Home Environment Former grassland now a haven for birds

Former grassland now a haven for birds

by Admin-Phmp

Text by Henrylito D. Tacio

Photos courtesy of Aboitiz Cleanergy Park

“Birds are out in the open, they are colorful and they like to be seen, unlike stealthy amphibians or mammals. When you don’t see them, you know something is wrong.” – Frank Fagano, United States Agency for International Development

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From five bird species spotted during a baseline study conducted in 2013, the number of birds seeking refuge at the ecological preserve in Punta Dumalag, Matina Aplaya, reached 100 in 2020.

Once a grassland, the 8-hectare Aboitiz Cleanergy Park “has now become a haven for endemic and migratory birds, according to a recent press release issued by Davao Light and Power Co. (DLPC) Inc.

The DLPC commissioned a group of researchers from the University of the Philippines-Mindanao (UP-Min) and the University of Southeastern Philippines (USeP) – both based in Davao City – in 2013. The group spotted only five birds at that time.

In an effort to make the biodiversity conservation site more attractive to wildlife, one of the recommendations of the researchers was the planting of trees. With the help of other public and private organizations, tree-planting activities were conducted in the surrounding coastal area.

In 2016, a team of birdwatchers, including England-born birdwatcher Pete Simpson, visited the park and documented 25 bird species at the park.

“At that time, the Pink-necked Green Pigeon (scientific name: Treron vernans) was first photographed at the Aboitiz Cleanergy Park. The said bird lives in a wide range of forested and human-modified habitats and is particularly found in Southeast Asia.

Since then, the number of endemic and migratory birds has continued to rise, and by 2020, the number has finally reached 100.

“What was really interesting is the sighting of the Pied Imperial-pigeon (Ducula bicolor) at the park,” Brenda Milan, a Dabawenya birdwatcher and photographer, was quoted as saying.

The relatively large, pied species of pigeon inhabits coastal forests on small offshore islands, only making occasional forays to mainland areas to hunt and sleep.

“Maybe something happened in their traditional roosting area, or where they regularly settle or congregate to rest, and they found Cleanergy Park a safer preserve,” Milan explained.

Avian migration is a natural phenomenon, and it happens when the areas they thrive are no longer conducive for living.

“Migratory birds fly hundreds and thousands of kilometers to find the best ecological conditions and habitats for feeding, breeding and raising their young,” explains the website worldmigratorybirdday.org. “When conditions at breeding sites become unfavorable, it is time to fly to regions where conditions are better.”

Another notable finding at the park is the annual visit of the spotted imperial pigeon (Ducula carola). “The nesting records of the Pied Imperial Pigeon are impressive for an urban park. A small flock was first seen in 2019 and they are now residents in the park, recently confirmed to be nesting,” Simpson said.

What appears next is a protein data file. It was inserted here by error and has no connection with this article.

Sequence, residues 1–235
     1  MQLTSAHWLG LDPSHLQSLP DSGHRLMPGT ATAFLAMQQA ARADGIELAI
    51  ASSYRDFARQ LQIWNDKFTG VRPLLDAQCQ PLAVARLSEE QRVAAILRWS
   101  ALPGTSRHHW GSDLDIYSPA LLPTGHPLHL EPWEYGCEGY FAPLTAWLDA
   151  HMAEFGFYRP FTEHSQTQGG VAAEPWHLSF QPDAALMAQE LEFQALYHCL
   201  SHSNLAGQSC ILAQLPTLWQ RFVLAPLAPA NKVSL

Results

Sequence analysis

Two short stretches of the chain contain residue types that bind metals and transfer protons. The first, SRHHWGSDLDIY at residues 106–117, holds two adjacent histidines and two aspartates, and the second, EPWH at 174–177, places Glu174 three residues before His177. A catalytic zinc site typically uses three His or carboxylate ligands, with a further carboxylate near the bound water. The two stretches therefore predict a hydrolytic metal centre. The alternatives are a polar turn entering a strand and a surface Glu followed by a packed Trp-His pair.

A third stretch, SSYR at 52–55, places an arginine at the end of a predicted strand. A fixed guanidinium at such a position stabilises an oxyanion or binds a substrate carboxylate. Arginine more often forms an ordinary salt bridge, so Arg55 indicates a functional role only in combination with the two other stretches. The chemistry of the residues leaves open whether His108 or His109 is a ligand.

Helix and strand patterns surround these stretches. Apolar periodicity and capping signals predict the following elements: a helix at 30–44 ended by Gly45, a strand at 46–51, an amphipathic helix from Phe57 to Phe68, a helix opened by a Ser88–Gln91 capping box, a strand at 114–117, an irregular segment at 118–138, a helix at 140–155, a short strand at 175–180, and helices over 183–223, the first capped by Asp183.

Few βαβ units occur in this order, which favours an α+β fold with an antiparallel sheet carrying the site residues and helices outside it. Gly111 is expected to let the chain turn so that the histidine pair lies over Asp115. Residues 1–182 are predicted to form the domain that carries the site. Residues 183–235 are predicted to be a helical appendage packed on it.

The spotted imperial pigeon, also known as the grey-necked imperial pigeon, is a species endemic to the Philippines. This type of bird lives in forests and forest edges but goes down to the limestone shorelines, possibly to feed or to replenish the salt content needed by its body.

“I think the birds feel safe at the Cleanergy Park. There are very few people moving around in the area,” Milan said on how the park can be considered a safe haven for birds that are displaced from their natural habitat.

“The security personnel control the number of people coming in and out of the area and prevent hunting, making the park a rare oasis of safety for the birds in Davao City,” said Simpson, noting that these wild species of birds are hunted everywhere in the country despite laws banning the said activity.

Vulnerable species like the spotted imperial pigeon, for instance, are threatened by habitat loss and hunting and are protected under Republic Act 9147 or the “Wildlife Resources Conservation and Protection Act.”

Simpson, a member of the Wild Bird Club of the Philippines-Davao, said the park is an excellent site for bird-watching. “In terms of urban bird-watching sites, Cleanergy (Park) is, by far, the best in Davao City, and I would say it’s one of the best urban bird-watching sites in the whole Philippines,” the Philippine News Agency (PNA) quoted him in 2020.

Of the 100 spotted birds in the park, around 20 of them are considered migratory. “Some of them are vagrant birds that were only seen once at the site – rare birds,” PNA reported.

Sabin M. Aboitiz, Aboitiz Group president, and chief executive officer, was very pleased with the number of birds spotted in the park. In the PNA report, he was quoted: “The existence of nearly 100 bird species… is a remarkable achievement that reflects the Aboitiz Group’s strong commitment to sustainability and preservation of an environmentally-vital site in Davao and Mindanao.”

The DLPC is an AboitizPower subsidiary and Aboitiz Foundation Inc.

In a statement, Rodger Velasco, president, and chief operation officer of DLPC, also said: “We’re happy to know that our conservation efforts have paid off. We thank our partners for supporting the Aboitiz Cleanergy Park by regularly conducting coastal cleanup and tree planting activities to maintain the natural habitat of these birds.”

Currently, the total number of endemic and migratory birds that regularly visit the park is 105. Aboitiz Cleanergy Park is now not just known as one of the nesting grounds of the critically endangered Hawksbill Sea turtles in the Davao Region but also as a bird sanctuary.

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